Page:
Why be someone else seems to be a common question that I [and others] hear quite often. Many times it’s followed by a puzzled look and “Don’t you like or know who you are?”
I’ve had many trans-girls relay stories to me that are similar to my own experiences. When interviewing Lauren Foster, I asked her Does the gay community “get” what being transgender meant? “No,” she said, “we have an ongoing debate over why transgender people want to be someone else.
But then as we as a community are learning, no two trans-girls are the same: it’s a wide spectrum and everyone has different paths, experiences, and internal feelings. For example, my friend Teryl-Lynn Foxx didn’t dress up the first time until after college; beginning transition a few years later “I always did girly things, but never dreamed of becoming a girl early in life” she said. And then other friends describe knowing they were the opposite sex as far back as their earliest memories.
I never thought as a kid “I’m a girl,” but did wonder — relentlessly — “what would it be like, and could I become a girl?”
Through the years — like many of you — I experimented with dressing up, then make-up. And we also seem to want to push the envelope, extending our “girl experience” longer and further each time.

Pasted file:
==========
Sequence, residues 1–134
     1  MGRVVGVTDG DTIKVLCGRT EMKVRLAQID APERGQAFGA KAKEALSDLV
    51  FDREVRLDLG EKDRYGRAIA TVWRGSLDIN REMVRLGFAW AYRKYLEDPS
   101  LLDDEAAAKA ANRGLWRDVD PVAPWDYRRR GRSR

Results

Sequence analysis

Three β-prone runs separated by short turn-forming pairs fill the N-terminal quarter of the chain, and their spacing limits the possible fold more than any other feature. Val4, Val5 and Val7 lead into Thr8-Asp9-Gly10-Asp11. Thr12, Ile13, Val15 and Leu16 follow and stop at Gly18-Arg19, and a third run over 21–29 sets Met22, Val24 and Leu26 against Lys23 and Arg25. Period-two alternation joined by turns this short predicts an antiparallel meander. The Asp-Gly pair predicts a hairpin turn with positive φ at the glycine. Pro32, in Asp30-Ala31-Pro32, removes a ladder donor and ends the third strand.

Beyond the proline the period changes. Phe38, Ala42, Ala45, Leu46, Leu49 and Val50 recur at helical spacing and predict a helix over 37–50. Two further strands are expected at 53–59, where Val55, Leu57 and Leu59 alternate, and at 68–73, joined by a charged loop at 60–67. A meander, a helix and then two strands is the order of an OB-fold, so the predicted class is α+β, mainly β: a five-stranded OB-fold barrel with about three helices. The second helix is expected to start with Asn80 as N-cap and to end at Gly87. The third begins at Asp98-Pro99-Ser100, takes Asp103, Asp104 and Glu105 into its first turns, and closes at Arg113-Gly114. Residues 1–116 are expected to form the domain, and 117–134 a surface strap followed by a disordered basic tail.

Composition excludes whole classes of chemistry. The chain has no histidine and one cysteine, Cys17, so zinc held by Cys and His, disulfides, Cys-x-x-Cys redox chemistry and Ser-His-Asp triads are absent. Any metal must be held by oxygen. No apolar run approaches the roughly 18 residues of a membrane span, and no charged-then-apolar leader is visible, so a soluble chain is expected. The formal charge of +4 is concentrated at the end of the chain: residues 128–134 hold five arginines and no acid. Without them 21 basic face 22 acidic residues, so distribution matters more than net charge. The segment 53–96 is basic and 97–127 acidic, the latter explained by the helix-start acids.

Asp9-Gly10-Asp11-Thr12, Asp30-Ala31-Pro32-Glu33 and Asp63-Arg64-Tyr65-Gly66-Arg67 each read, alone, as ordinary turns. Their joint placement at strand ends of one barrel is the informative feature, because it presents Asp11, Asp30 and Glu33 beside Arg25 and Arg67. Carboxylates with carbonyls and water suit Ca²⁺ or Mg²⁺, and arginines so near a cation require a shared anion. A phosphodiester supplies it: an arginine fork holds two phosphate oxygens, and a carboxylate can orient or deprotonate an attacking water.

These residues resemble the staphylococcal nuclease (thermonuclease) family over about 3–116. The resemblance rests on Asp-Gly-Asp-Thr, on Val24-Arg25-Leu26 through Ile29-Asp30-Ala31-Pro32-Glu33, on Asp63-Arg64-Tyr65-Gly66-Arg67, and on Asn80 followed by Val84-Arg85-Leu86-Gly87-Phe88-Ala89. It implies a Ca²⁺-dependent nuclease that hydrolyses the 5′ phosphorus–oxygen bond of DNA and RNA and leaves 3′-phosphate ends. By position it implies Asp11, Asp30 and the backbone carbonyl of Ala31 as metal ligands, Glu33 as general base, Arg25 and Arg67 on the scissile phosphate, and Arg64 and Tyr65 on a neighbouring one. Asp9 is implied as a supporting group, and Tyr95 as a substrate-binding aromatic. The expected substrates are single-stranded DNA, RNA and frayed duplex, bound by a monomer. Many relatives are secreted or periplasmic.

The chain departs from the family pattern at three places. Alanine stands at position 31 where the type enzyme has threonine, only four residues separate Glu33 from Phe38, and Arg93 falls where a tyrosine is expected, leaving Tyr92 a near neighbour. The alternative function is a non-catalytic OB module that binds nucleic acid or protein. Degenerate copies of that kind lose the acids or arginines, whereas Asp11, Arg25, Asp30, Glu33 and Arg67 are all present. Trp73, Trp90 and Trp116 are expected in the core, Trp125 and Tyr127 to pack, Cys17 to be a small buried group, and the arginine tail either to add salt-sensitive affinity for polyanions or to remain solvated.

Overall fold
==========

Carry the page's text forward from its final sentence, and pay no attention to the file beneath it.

So do we really know who we are? Or are we going through the motions to discover the answer to that question? When I first came out in 2000, it was to explore what I considered a compulsive crossdressing compulsion so that I could get to its root and cure myself.
What followed was jarring; my exploration became a girls life, and I was comfortable and content in it. Could I really let go of the man I had developed into over forty-years of practice? Did I want to?
Prior to0 coming out we might be confused as to what this internal drive is, but then after coming out — once we better understand what being transgender means, and how it relates to us on an individual basis — we may find ourselves equally perplexed: we know more about who we are, but are at a crossroads about what to do about it.
When I asked Venus Demars about what her transgender-ness meant to her, she simply said “Well … I’m a transgender person, I can never be fully a woman, and am no longer a man” and later told me, “I guess I am just presenting on the outside the way I feel on the inside, whatever that may be.”
Do you know who you are? seems perhaps to be a bit misleading a question. Certainly, some transgender people have a clearer understanding and deeper conviction to who they are regarding gender than others. At the same time, there are those in the mainstream that have a clearer understanding and conviction as to their sexual orientation, or the core of their passions, some with the heart and soul of a artist, while others builders, businessmen or philosophers.
It seems that transgender people are no more conflicted than many in the mainstream; we just wear it on our sleeve while they are better camouflaged.
Do I know who I am? Certainly, it is defined not by my gender, but my actions, my interests, my ideas and my heart.